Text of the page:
From Paddocks To Pavements, self-published, 2012
The first commercial building in Mudgeeraba was a hotel built for William Laver around 1883, near the present Uniting Church on Franklin Drive, which it doubled as the local postal receiving office and became the nucleus for the first small township that grew on the outskirts of the present-day village. Soon a blacksmith shop operated nearby, as well as a store and shire office. Numerous dairies and saw mills operated in the area, and a provisional school was held for many years in the Presbyterian Church. By 1911 the government census reveals the population of Mudgeeraba had risen to 166 and the town contained the services of a store, hotel and railway trucking yard for sheep, cattle and pigs.
After 1912, the commercial premises began relocating to the present site, near the railway station, and a new school was built in School Street. The population grew and smaller house blocks became available for sale. Public subscriptions funded the building of a memorial hall as a tribute to the local soldiers who had lost their lives during the war. Bullock teams hauled timber to the railway station and Arthur Sprenger planted the Poinciana trees that still now grace the Village Green in the centre of town.
From Paddocks to Pavements: the Mudgeeraba Story presents a chronological general history of the general area – also taking into account Bonogin, Neranwood, Austinville and Upper Mudgeeraba – interspersed with anecdotes from those who have lived this history, reproduced newspaper articles of the times, as well as a broad range of photographs and sketches.
Contact Robyn to purchase From Paddocks to Pavements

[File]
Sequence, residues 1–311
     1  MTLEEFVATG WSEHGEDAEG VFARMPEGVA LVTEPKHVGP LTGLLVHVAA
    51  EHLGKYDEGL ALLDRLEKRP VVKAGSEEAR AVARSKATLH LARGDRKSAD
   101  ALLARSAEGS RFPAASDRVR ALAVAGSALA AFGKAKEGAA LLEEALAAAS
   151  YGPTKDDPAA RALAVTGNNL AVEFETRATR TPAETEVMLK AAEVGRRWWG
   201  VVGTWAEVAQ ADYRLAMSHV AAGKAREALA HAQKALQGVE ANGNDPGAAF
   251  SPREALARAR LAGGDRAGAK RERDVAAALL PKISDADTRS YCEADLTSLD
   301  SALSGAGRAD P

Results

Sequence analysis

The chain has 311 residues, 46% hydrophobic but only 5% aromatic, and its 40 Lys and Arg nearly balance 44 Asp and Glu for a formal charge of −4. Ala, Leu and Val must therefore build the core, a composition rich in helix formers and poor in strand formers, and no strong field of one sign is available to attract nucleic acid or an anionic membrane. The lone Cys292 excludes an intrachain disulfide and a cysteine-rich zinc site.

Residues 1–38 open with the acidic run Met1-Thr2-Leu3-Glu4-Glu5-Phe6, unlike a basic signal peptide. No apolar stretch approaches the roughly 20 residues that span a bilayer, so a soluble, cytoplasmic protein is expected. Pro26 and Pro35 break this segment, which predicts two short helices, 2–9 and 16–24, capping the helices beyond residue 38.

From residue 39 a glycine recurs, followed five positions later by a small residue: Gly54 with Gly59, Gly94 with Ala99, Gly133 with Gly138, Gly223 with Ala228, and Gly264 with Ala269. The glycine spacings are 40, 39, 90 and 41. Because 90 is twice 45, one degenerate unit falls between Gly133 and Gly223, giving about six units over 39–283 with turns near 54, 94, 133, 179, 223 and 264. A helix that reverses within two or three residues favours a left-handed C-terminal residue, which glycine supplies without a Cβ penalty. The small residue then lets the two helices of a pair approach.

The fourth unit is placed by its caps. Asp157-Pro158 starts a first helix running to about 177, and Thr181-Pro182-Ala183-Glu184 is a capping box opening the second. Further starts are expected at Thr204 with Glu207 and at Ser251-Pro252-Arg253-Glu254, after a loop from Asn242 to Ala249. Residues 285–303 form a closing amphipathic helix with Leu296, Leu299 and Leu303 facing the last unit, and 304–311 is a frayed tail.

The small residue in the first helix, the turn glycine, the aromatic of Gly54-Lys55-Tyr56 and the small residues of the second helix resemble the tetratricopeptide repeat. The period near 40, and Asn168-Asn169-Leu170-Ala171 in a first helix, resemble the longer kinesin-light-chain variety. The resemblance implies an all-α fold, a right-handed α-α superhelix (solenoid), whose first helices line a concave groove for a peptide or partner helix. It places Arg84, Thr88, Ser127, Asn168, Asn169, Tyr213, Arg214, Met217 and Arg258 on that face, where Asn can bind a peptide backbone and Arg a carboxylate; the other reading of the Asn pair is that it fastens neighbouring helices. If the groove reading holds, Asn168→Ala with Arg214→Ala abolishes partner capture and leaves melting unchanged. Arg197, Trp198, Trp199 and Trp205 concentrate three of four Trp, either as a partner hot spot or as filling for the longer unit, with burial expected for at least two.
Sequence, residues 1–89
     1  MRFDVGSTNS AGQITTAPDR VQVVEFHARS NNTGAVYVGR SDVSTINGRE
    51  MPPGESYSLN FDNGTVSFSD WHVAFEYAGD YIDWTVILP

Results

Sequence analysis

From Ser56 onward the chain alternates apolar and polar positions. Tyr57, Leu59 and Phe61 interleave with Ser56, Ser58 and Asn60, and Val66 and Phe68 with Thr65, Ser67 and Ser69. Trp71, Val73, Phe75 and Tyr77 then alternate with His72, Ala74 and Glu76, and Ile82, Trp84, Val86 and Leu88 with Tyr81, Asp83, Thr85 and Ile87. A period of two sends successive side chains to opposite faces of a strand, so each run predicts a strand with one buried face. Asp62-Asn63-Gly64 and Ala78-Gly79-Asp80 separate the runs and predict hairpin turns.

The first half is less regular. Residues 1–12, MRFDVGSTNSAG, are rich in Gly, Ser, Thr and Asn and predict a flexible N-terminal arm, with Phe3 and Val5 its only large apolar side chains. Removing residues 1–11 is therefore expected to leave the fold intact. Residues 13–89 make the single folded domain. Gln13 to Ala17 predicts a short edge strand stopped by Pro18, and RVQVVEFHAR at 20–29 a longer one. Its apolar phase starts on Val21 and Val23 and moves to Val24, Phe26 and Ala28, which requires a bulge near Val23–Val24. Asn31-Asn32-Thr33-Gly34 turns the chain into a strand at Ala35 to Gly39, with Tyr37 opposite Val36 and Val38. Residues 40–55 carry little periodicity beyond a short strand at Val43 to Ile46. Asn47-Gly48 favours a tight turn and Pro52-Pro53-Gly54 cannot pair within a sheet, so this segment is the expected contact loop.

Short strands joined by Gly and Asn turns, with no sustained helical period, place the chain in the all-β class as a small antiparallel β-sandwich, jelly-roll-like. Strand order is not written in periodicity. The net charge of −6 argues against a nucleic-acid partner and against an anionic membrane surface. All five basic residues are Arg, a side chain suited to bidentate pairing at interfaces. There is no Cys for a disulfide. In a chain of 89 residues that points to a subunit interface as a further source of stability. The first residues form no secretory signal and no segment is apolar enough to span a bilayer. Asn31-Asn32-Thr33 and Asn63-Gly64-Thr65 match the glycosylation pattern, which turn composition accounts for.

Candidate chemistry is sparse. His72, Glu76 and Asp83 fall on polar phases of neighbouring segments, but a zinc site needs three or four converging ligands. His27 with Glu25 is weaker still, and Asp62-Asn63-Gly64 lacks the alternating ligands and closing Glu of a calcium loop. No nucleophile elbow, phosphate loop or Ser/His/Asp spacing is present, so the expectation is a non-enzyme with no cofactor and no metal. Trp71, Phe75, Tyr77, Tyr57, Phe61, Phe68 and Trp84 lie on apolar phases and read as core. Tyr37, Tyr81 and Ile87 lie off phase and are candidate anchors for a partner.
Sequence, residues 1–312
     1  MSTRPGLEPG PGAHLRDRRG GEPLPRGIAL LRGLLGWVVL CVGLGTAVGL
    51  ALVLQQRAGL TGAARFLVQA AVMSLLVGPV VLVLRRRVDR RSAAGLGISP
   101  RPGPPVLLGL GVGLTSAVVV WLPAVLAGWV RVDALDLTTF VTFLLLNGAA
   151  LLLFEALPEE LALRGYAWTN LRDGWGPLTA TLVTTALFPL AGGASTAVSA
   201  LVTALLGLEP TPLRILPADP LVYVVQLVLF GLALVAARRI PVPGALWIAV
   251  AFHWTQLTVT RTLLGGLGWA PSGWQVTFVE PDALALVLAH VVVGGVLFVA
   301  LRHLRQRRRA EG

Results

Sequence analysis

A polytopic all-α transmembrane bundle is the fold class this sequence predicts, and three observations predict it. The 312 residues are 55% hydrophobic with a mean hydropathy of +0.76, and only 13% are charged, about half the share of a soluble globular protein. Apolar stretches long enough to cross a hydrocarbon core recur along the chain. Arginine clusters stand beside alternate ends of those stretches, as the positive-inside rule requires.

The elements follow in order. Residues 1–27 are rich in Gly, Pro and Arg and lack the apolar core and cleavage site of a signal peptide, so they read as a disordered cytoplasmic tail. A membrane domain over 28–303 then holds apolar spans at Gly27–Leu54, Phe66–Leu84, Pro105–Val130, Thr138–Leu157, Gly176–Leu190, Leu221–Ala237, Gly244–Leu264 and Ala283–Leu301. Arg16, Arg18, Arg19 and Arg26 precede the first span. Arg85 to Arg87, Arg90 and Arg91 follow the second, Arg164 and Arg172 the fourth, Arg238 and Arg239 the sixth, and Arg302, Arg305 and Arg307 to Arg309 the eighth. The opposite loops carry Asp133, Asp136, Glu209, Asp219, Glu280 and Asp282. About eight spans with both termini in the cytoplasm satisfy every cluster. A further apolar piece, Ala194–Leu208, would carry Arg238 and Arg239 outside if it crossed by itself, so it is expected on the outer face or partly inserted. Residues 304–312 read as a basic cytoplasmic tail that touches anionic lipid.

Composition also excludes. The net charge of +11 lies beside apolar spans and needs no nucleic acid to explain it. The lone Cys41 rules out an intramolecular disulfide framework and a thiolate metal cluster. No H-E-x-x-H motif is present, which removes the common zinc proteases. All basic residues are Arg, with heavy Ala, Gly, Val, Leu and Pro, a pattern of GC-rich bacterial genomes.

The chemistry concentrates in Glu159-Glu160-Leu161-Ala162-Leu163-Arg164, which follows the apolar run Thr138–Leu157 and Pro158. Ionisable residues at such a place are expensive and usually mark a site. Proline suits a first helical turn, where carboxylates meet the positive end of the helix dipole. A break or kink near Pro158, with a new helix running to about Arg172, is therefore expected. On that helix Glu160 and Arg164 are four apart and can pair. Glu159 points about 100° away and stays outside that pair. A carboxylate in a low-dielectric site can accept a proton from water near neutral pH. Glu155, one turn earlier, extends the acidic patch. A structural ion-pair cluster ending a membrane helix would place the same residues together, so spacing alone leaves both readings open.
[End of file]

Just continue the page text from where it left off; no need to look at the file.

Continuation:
Henry Lawson: A Stranger on the Darling, originally Published by Harper Collins Australia, 1996, reprinted 1997, self-published, 2009
‘Towards the end of ’92 I got £5 and a railway ticket from the Bulletin and went to Bourke. Painted, picked up in a shearing shed and swagged it for six months…’
The year was 1892. Henry Lawson — poet, short story writer, fervent Labor supporter — was finding it almost impossible to make a living in Sydney, and the few pounds he did earn were quickly spent in the nearby bars of Lower George Street. He was broke, alcoholic and “on the ropes”.
Henry Lawson: A Stranger on the Darling begins when the editor of the Bulletin sent Lawson to the bush to save himself. At the time, Lawson was doing public battle with A. B. “Banjo” Paterson. Their argument: who could really lay claim to being “the Bard of the Bush”? Paterson argued that Lawson, a city slicker, had no right to the title; this was Lawson’s chance to experience life outback.
‘You can have no idea of the horrors of the country out here. Men tramp and beg and live like dogs.’
Lawson’s time in the outback gave him a new understanding of the Australian landscape and people, and he began to write about outback life from the heart. His sojourn in Bourke, and surrounds, inspired some of Lawson’s most memorable stories and poems, peppered with characters he met “on the track”.
Here, father and daughter team, Robyn Burrows and Alan Barton, themselves from the Bourke region, reveal the true stories behind these works. They uncover, too, eight “new” poems attributed to Lawson, forgotten since that time.
Contact Robyn to purchase Henry Lawson – A Stranger on the Darling
Dairies and Daydreams, Published by Boolarong Publishers, Brisbane, 1989, out of print.
Dairies & Daydreams is a local history of the township of Mudgeeraba, which is located in the Gold Coast hinterland. The book contains information on early settlers, development of transport, timber and dairies, local buildings, the war years, etc.
Bush Schools and Golden Rules, Published by Boolarong Publishers, Brisbane, 1992, out of print
Bush Schools and Golden Rules is a history of Mudgeeraba State School, and its predecessor, Mudgeeraba Lower Provisional School. The book also contains histories of other now-defunct local schools at Bonogin Creek, Neranwood, Austinville and Upper Mudgeeraba, plus pupil enrolments at these schools.